To celebrate a special little Auckland bookstore’s third birthday, staff members Hera Lindsay Bird and Briar Lawry bring us the top 25 sellers since doors opened in September 2018.
1 Māui and Other Māori Legends, by Peter Gossage (Penguin NZ)
Topping our charts year on year, rekindling nostalgia in millennials and Gen X and making tamariki go “hey, we read that at school” since ages ago. Peter Gossage (rhymes with “sausage”) is synonymous with kid-friendly takes on pūrākau Māori. We’ve sold a massive 566 copies in three years.
2 No One is Too Small to Make a Difference, by Greta Thunberg (Penguin)
Greta Thunberg’s concise and urgent collection of speeches, No One is Too Small to Make a Difference, was so popular it didn’t budge from our counter for years and is still selling like whatever the Swedish version of hotcakes is.
3 Aotearoa: The New Zealand Story, by Gavin Bishop (Penguin NZ)
One of the most majestic books to come on the scene in recent years, there’s a reason why this has had pride of place in our window ever since we opened. Gavin Bishop at his best and brightest and up there with any other large format visual non-fic.
4 Te Tiriti o Waitangi / The Treaty of Waitangi, by Toby Morris with Ross Calman, Mark Derby & Piripi Walker (Lift Education)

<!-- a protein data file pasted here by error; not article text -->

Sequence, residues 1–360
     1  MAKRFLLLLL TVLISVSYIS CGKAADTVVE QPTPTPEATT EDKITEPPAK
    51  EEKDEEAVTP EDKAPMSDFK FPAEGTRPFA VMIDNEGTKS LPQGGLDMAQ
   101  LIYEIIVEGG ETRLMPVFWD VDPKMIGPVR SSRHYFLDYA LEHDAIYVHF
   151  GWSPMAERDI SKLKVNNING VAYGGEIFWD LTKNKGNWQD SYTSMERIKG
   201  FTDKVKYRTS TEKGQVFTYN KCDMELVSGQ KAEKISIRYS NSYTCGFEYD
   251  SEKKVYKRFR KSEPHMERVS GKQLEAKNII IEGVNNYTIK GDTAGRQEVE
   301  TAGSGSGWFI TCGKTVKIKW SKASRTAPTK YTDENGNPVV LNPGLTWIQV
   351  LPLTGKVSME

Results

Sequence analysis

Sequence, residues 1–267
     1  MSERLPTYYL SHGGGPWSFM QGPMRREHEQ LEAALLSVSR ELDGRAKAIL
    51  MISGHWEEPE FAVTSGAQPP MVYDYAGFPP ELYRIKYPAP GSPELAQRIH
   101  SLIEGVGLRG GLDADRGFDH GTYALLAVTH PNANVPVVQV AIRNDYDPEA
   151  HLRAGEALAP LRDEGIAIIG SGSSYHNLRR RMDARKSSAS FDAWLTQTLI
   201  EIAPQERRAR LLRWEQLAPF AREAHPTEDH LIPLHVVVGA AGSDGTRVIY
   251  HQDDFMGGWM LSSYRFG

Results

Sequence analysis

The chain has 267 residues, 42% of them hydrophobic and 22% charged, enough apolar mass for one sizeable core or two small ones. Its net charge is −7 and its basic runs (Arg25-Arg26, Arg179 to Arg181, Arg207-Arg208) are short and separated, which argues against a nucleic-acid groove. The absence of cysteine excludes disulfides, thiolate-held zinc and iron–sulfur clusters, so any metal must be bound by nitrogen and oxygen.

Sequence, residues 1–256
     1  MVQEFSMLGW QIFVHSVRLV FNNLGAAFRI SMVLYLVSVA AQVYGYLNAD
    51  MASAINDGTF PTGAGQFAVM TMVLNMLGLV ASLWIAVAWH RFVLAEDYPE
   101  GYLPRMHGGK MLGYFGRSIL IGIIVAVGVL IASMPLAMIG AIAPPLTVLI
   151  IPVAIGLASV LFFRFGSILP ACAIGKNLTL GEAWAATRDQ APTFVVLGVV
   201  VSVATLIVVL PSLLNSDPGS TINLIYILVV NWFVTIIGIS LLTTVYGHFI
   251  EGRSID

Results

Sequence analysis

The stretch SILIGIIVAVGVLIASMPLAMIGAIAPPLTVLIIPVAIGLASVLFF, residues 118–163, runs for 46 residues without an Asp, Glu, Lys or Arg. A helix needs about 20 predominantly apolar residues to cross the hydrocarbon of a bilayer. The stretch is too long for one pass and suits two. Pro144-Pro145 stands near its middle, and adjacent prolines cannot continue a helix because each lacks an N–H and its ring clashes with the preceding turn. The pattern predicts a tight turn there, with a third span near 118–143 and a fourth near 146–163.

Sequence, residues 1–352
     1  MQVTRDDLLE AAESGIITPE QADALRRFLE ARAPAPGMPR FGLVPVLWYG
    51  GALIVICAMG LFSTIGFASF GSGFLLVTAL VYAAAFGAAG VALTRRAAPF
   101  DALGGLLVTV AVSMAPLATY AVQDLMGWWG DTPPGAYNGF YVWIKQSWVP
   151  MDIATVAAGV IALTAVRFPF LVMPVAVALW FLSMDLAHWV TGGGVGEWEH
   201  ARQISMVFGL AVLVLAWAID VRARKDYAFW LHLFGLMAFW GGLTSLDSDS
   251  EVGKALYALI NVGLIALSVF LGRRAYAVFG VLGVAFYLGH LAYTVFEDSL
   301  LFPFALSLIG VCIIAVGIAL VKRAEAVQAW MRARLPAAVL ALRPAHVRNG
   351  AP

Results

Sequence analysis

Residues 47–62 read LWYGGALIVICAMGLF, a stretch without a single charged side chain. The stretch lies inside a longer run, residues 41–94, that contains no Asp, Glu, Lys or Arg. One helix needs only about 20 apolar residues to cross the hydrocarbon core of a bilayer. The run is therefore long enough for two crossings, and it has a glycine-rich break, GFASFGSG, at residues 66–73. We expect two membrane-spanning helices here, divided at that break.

Toby Morris! And Ross Calman and Mark Derby and Piripi Walker! The dive into Te Tiriti that blew so many teachers and students and parents away that it jumped from school resource to public access bilingual comic treasure.
5 Lizard’s Tale, by Weng Wai Chan (Text Publishing)
How many times have we brandished this at middle grade shoppers and excitedly said: “it’s a sneaky spy story story set in Singapore during World War Two and it’s EXCELLENT and also won the Esther Glen Award for Junior Fiction at the NZCYA Awards last year!”?? So many times.
6 The Noisy Book, by Soledad Bravi (Gecko Press)
What does the baby say? Waaaa! What does the electrical socket say? No! This bright and bold Gecko Press title is the new baby staple. Guaranteed to be read so often it would fall apart if it weren’t for the sturdy card pages. Also available in te reo.